Page 78-79

Gaur B. gaurus walking back across the mineral lick. The more mature bull leads the younger one, a common trait among bulls away from the herd. These two bulls are extremely alert for any predators that might be lurking nearby. The two bulls have probably been expelled by the herd bull to live separate lives until breeding time. They will then stick close to a herd, hoping to mate with the females. Fierce fights sometimes take place between the herd bull and outsiders like these two. Occasionally, one gets killed in the process. The author was extremely lucky to have taken these photographs. None have been taken here in recent times.

Page 80

Sambar C. unicolor at the end of the dry season. This stag has shed much of his hair. He also sheds his antlers once a year in March and quickly grows a new set. The antlers are very tender in the first few months, a state known as ‘in velvet’. Sambar are mainly browsers and feed in areas of secondary growth on young leaves, soft buds of shrubs, new grass and fallen fruit. Thailand’s largest deer, they are threatened throughout their range. The bloody patch on the throat of this species is very evident in both photographs. Not much is known about this glandular lesion. All wild sambar have one but it disappears in captive animals. The female is smaller than the male and has no antlers as seen in the lower photograph of two does.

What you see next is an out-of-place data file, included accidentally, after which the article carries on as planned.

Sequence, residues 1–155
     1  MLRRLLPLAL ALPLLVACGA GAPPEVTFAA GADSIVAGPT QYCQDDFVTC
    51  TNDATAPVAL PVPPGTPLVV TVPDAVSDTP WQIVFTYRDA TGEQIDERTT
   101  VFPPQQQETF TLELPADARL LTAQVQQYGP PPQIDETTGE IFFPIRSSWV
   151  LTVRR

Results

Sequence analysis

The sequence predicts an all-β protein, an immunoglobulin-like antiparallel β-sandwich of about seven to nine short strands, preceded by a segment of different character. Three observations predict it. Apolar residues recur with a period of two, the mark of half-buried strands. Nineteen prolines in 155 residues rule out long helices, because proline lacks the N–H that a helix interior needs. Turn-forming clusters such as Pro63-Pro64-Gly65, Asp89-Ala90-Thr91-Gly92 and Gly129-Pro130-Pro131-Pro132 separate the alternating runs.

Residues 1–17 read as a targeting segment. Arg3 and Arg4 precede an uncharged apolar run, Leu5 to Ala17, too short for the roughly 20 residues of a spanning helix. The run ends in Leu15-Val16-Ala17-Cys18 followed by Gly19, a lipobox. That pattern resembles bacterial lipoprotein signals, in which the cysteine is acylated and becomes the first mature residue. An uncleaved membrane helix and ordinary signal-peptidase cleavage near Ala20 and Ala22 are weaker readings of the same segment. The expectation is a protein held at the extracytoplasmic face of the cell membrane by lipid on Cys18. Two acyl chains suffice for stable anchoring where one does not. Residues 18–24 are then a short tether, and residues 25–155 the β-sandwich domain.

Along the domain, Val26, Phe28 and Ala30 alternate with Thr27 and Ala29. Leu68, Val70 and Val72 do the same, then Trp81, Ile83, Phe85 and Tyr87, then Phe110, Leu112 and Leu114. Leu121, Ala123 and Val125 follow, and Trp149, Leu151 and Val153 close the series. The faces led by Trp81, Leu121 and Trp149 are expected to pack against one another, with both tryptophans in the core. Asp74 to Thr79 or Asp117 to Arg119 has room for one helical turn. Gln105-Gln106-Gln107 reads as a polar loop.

Page 81

Common Barking Deer M. muntjak female taking in minerals. All large herbivores visit mineral licks as a natural part of their life. Many birds also flock here including the little cuckoo-dove, mountain imperial pigeon, thick-billed pigeon and pin-tailed pigeon. Natural alarm birds for mammals are the blue magpie and white-throated kingfisher. They call out loudly at approaching danger as they fly around this mineral lick, alerting all that a predator is close-by.